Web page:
The governors had made a finding of fact that the alleged misconduct was proven, and had indicated very clearly their view as to the seriousness of that misconduct. Accordingly, without a complete rehearing before the (newly established) ISA, including the possibility of oral evidence and cross-examination of witnesses, Laws LJ considered that “at the very least the flavour and emphasis of those conclusions will remain important and influential”. In short, an unfavourable outcome of the internal disciplinary proceedings would have a “substantial effect” on the outcome of the statutory barred list procedures (para. 48).
The CA considered that the claimant’s “right to practise his profession”, which would be determined by the ISA proceedings, might be “irretrievably prejudiced by the disciplinary proceedings” (para. 48).
Neither the right of appeal to the Upper Tribunal, nor the right to bring a claim of unfair dismissal in the employment tribunal, provided a sufficient alternative remedy for the claimant for the purpose of Art. 6 (para. 49).
Having concluded that Art. 6 was “engaged” on the facts, the next question for the CA was whether Art. 6 required that the claimant be allowed the opportunity of legal representation in the disciplinary proceedings. On this issue, the CA again found in the claimant’s favour.
The CA emphasised that the level of procedural protection afforded by Art. 6 will depend on what is at stake for the individual in question (para. 51). There will not be a right to legal representation in every case where Art. 6 is engaged. On the facts of the instant case, however, the potential consequences of an adverse finding by the school’s disciplinary committee (i.e. the likely end of the claimant’s career working with children) were so severe that legal representation was appropriate (para. 53).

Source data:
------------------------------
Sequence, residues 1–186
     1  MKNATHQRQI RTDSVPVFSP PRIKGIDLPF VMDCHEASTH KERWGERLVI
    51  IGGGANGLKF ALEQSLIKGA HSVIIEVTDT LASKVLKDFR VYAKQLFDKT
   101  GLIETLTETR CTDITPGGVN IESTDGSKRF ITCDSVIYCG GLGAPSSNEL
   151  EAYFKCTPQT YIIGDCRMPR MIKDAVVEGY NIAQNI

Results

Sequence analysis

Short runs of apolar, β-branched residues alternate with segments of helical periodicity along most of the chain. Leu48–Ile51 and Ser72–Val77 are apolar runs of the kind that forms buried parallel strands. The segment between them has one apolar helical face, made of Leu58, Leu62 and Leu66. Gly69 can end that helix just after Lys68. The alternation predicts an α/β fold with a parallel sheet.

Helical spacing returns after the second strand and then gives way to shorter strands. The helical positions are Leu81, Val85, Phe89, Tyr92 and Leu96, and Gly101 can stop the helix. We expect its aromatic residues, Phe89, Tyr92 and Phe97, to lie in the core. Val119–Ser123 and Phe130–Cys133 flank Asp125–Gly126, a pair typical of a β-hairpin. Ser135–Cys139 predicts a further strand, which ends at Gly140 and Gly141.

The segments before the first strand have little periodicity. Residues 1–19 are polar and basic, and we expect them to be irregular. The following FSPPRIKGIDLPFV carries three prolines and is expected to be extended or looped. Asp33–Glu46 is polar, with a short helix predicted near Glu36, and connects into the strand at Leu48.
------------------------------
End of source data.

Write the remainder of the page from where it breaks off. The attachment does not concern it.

Laws LJ further observed that the key consideration is the gravity of the issue in the case, not whether the proceedings are more properly characterised as civil or criminal. In his view, that is the “primary driver of the reach of the rights which Article 6 confers” (para. 56).
The potential implications of this decision, if upheld by the Supreme Court, are easy to foresee. Public sector employers will need to amend their disciplinary policies to reflect the fact that, in certain circumstances, refusing an employee’s request for legal representation at an internal disciplinary hearing will be unlawful. It is to be hoped that the Supreme Court provides clear guidance as to when and in what circumstances this will be the case.
The reasoning of the CA seems to indicate that the right will arise in circumstances where the outcome of an internal disciplinary process has the capacity to destroy or seriously damage an individual’s right to practise his or her chosen profession or occupation generally; in other words, where the potential consequences extend far beyond the loss of employment with that (current) employer.
It is not entirely clear whether the right to legal representation may also arise in circumstances where the employee is facing what is, in essence, a criminal allegation; albeit the CPS may have decided not to press charges, and his/her entire professional career may not be at risk from an adverse disciplinary finding (consider, for example, an employee who is accused of assaulting a work colleague in the course of a heated board meeting; or a junior employee who is accused of dishonestly inflating his timesheet for financial gain).
Another interesting issue is the extent to which the right to legal representation will be available to private sector employees. Will the right be extended, for example, to teachers facing materially identical allegations of misconduct to those faced by Mr G, but who carry out their work in independent / private schools? The CA expressly left open the question of whether the common law might be developed in this manner (para. 27).